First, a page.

“The 185-room Hilton Garden Inn, which opened adjacent to the Classic Center in 2006, is doing quite well, and was built to handle future expansion. The 81-suite Country Inn and Suites will open this fall, and Hotel Indigo is seeking to build a 100-room hotel downtown.” Hotel Indigo plans to display local art, offer a stage for local musicians, and display an exterior, Athens-themed mural by graphic design students from UGA’s Lamar Dodd School of Art.

“There’s a huge market for conventions and meetings here,” Eldridge says. “The Classic Center has been a crown jewel – a huge shot in the arm for this community.”

Where tourism hovers, retirees are usually close by; and Athens is no exception. “The university presents a tremendous advantage for retirees,” Page says. “Culturally, it not only brings events, but it provides a population interested in cultural opportunities. My generation has ascertained that learning is a lifelong opportunity, not just for your college years.”

Magazine rankings have further piqued retiree interest. The Georgia Club, a 1,500-acre golf course community, was listed in the top 100 master-planned communities in Where To Retire magazine, partly because of its location 12 miles from the Classic City.

Thinking Regionally

“We are regional, we just don’t act like it,” Page says. “Retail has become a bigger part of our economy over the last several years. Even though Target and Wal-Mart closed, we were able to fill their space – Academy Sports & Outdoors filled the old Target, and Steve and Barry’s University Sportswear filled the Wal-Mart. Fred’s Discount also moved into the old K-Mart. So three of our most visible empty big boxes were filled in the last year and a half.”

“Because we’re so small [Athens-Clarke County is the fourth smallest county, geographically, in the nation], we can create 100 jobs but only 29 percent will be filled by Clarke County residents,” Page says. “Employers draw from a one-hour commute radius, which suddenly covers a large portion of the population in this part of the world. So the major industries like Johnson & Johnson have a 20-county workforce.”

A number of public regional initiatives have already been accomplished or are currently under way, says Athens-Clarke County Deputy Manager Bob Snipes. “Athens-Clarke County worked with Jackson, Barrow and Oconee to build a regional reservoir. It’s been important to our communities this summer with the drought conditions.”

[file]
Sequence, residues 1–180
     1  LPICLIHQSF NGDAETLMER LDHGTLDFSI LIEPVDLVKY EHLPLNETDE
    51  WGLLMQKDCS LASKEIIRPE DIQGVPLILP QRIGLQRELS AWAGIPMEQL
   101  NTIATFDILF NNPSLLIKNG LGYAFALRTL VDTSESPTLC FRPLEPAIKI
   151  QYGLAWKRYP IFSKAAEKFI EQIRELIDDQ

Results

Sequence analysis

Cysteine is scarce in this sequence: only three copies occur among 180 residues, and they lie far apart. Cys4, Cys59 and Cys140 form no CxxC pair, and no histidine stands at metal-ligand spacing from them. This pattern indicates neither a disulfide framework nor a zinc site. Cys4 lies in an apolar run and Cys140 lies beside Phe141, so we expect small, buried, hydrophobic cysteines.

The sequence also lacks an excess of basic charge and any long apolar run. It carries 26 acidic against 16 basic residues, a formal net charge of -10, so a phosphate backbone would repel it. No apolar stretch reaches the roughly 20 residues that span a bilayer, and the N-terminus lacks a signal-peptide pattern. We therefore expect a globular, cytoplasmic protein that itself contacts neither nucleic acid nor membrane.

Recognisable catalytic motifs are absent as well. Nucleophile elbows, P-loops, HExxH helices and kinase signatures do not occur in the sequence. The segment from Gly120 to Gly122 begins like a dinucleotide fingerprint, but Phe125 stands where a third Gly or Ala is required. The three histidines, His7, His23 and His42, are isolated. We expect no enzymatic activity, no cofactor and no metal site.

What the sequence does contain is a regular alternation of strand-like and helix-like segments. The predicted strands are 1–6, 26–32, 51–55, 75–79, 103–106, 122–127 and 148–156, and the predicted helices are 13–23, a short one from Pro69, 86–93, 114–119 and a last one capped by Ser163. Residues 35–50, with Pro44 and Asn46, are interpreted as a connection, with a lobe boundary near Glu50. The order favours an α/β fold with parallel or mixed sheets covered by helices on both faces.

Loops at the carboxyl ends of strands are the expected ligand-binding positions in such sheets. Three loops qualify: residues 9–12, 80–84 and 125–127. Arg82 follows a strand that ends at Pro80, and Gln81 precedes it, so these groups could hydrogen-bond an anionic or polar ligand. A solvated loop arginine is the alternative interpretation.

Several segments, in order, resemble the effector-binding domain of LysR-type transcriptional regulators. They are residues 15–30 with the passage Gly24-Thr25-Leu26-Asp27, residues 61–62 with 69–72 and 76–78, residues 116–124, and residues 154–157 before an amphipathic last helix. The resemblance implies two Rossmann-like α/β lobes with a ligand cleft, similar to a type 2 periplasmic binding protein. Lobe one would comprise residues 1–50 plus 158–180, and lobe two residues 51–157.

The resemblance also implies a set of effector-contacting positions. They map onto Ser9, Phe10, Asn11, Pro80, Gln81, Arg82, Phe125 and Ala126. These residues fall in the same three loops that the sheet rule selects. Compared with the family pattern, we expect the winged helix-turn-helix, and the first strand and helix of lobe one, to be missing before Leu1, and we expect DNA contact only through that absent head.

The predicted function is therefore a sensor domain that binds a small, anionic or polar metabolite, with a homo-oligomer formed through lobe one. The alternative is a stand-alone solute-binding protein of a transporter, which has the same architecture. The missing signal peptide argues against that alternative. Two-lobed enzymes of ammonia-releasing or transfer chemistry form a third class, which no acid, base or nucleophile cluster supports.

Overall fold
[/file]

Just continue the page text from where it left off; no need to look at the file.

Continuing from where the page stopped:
Snipes also cites a cooperative effort with Oglethorpe County to develop jointly used municipal solid waste and construction/demolition material landfills and creation of a recycled materials processing facility, via a public-private partnership, that accepts (at no charge) material from Athens and adjoining communities. The transit department is working with nearby communities to integrate their public transportation systems and possibly deliver riders to the multimodal center.

“Census results show why healthcare is increasingly important to the region,” says Elaine Cook, director of corporate communications for Athens Regional Health Services. “Our population aged 65 and over is projected to increase from 72,000 in 2006 to more than 90,000 by 2011. Athens Regional Medical already has an annual economic impact of over half a billion dollars.”

A new expansion beginning this fall will provide 226,000 square feet of new space, 44 new beds, four new operating rooms plus expanded pre- and post-op areas, expanded cardiovascular, endoscopy and laboratory services and $69 million worth of new equipment. Athens Regional also opened satellite facilities in the Jefferson/ Jackson, Oconee and Madison areas.

Growth at the hospital was well under way before the NBAF, MCG and Project Bamboo preliminary an-nouncements, with a current $44 million emergency, family care and outpatient radiology department expansion and renovation being completed in June 2008, Cook says. “But our expansion complements these de-velopments and speaks to the growth in this area.”

Indeed, UGA opened the Paul D. Coverdell Center for Biomedical and Health Services last year, and in 2005 established the College of Public Health. Page says multiple entities in Athens have “recognized the goal of targeting the health sciences for some time.” St. Mary’s Health Care System, for example, was named “Hospital of the Year” by the Georgia Alliance of Community Hospitals in 2006.

“Since the Medical College of Georgia in Augusta is landlocked, it makes sense for them to expand here,” Page says. “It’s a logical situation, not a political situation. It’s well known that North Georgia will need 10,000 more doctors in the next 10 years, and MCG can only train 200 doctors a year. Savannah is expanding by building a branch of Mercer School of Medicine, and Brenau University in Gainesville wants to build a medical school.” When you take the NBAF and Project Bamboo into consideration, he says, “You see the need for additional technical staff, and it all plays together into training programs.”

Slow Train Comin’

The growth in healthcare needs correlates to efforts to create a significant research cluster between Atlanta and Athens. Transportation is the other piece of the regional picture, and proponents of the “Brain Train” linking Georgia’s research facilities are coming on strong.

Business community support suggests the Brain Train may be a partially private project, says UGA School of Environmental Design Professor John Crowley, but a public component might be necessary to put all the pieces together and make the fixed-line route happen – the most logical way to pay for the project being real estate.